Every Tuesday, Dan Weiss runs down the week’s new full-length music releases, from charting hits to more obscure depths, the underrated and the overrated, from a critical pop fan’s perspective.
ALBUM OF THE WEEK: Boards of Canada –Tomorrow’s Harvest (Warp)
The most austere album of the year will surprise Daft Punk fans looking for similar arena-ready posturing in their fancy marketing. For Boards of Canada’s new album, fans decoded messages on mysterious Record Store Day merch and the duo premiered a video in Tokyo the same way Kanye did, projected on a building. But no punches are pulled, not even a Daniel Lopatin-style bricolage. There’s fewer beats, anything looped is seamless, and not one of 17 tracks is songlike. What it is, is the Scottish duo’s most listenable, flowing, mood-enhancing record since their sole classic, 1998′s Music Has the Right to Children, and the sonics on that were far more brittle. This is warm, bittersweet and not twisted in the slightest. You can make out discrete individual instruments, mostly led by untreated synth arpeggios that bring to mind OMD’s Dazzle Ships. Sure, it could use a shot of weird — but what techno couldn’t?
Black Sabbath – 13 (Vertigo/Universal)
Black Sabbath’s been around long enough to date in weird ways. Having seen freaking 40 years of their influence across the board, we get to hear the “dark” opening strains of “God Is Dead?” be the first metal tune to repay Weezer’s debt — believe it or not, “Undone (The Sweater Song)” is unmistakable in there. So even with Ozzy asking the titular question and relishing the chance to revisit his old Satanic-theater role, there’s no way the reality-TV dad is capable of scaring any parents anymore, or leading kids toward animal sacrifice for that matter. Rage Against the Machine’s Brad Wilk sits in for Bill Ward — presumably because they share initials — with a convincing imitation of Ward’s cymbal-splashing thundercrawl. Tony Iommi produces no classic riffs but crunches dutifully, with Geezer Butler thudding ever-so-slightly behind. Ozzy could neither sing nor scream in the first place. So what do even the diehards want from this? Welcome to professional stoner rock, sobered up and devoid of surprises unless you count that Osbourne didn’t already have songs titled “Damaged Soul” or “Live Forever.” Only “Age of Reason” fulfills that caving-in-on-itself barrage you’d want from a new Sabbath album, but it’s hard to imagine getting stoned to it.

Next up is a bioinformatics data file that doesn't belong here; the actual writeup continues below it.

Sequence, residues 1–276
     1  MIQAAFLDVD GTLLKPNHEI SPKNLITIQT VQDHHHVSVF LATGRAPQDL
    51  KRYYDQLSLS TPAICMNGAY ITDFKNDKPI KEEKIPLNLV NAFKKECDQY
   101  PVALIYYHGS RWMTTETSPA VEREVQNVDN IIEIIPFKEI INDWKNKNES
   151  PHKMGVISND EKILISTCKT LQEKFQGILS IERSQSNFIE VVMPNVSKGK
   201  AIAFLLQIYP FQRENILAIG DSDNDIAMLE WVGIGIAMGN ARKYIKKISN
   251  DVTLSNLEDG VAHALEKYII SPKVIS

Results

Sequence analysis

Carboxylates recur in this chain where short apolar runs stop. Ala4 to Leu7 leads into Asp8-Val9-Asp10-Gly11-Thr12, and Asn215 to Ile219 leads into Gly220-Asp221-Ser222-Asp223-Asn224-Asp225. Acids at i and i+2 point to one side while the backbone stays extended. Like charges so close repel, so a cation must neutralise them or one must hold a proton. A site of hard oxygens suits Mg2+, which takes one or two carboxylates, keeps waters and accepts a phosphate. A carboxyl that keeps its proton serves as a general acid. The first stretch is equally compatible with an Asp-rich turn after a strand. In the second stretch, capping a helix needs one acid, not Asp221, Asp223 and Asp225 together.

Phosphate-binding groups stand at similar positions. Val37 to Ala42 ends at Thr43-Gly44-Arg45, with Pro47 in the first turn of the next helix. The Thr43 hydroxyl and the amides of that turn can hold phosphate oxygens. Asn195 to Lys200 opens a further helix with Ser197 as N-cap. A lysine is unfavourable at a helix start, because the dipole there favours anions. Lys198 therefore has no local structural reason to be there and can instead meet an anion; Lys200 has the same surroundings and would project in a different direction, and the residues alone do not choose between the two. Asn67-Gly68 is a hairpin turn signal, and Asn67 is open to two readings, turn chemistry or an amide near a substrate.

Jimmy Eat World – Damage (Dine Alone)
In which the least offensive emo band of all time finds new non-edges to sand off. For those who found Invented or Futures too arena-rock or slick, they take to their own label to unleash titles as self-explanatory as “Byebyelove” for 10 airtight R.E.M.-speed tunes that would have been neither cool nor uncool enough in any era. It doesn’t get more pleasant than “Appreciation,” “How’d You Have Me” or “I Will Steal You Back,” but none has the gravitas of their best late-period song, “Carry You,” much less the older stuff that not even a Pitchforkeditor could hate.
The Lonely Island – The Wack Album (Universal Republic)
The first of Andy Samberg and co.’s too-big-to-fail comedy rap encomia that isn’t pre-sold by SNL, there are far fewer laughs (I’m still not entirely sure I understand the conceit of the Robyn-wasting opener “Go Kindergarten” unless it’s really that basic) and dumber ideas (“Semicolons” and its on-point intro “Spell It Out” are good but one-joke cuts). Justin Timberlake and T-Pain fail to fill neither box nor boat. So the saving grace of this record is a maturity they shroud in air quotes in a recent interview but nevertheless bring out, musically (in “YOLO” and “I F***ed My Aunt,” both sweeter as songs in an album context, they benefit from — rather than versus — the older videos they can’t compete with) and lyrically, with “Spring Break Anthem,” a real stand on gay marriage and “Diaper Money,” a Louie C.K.-worthy boast about grave plots sunk only by the slip that Jorma Taccone’s wife hates him.
Surfer Blood – Pythons (Warner Bros.)
With a three-year wait, major label jump and the singer’s unfortunate domestic violence charges (since dropped), this band’s intense likability was in jeopardy even before they sanded off the elements that won fans in the first place: sunburnt reverb and flights of guitar that could’ve sent Vampire Weekend running for their money. Except, like Vampire Weekend, those weren’t what won fans; it was the expertly hooky songs, unique in 2010s indie for both bands. And Pythons is half an hour of just that, done quite well. If only any of them could match the excellent three-song sequence that opened their debut.
Gold Panda – Half of Where You Live (Ghostly International)
Too often electronica is merely competent, even when its progenitor has already carved out new ground. Derwin Powers’ majestic 2010 single “You” (which has already been co-opted this year for a would-be hit by Charli XCX) turned the Field’s one-note glitch into pop mastery, and the surrounding album Lucky Shiner did Four Tet’s “folktronica” stylings justice, with various bits and kibble cribbed from real instruments and music boxes alike, most spectacularly on “Same Dream China.” The follow-up’s “Same Dream China” is “We Work Nights,” a six-minute confetti explosion of acoustic guitar splashes and Chinese bowed instruments over a lightly glittering 808 pulse.
- Dan Weiss, Radio.com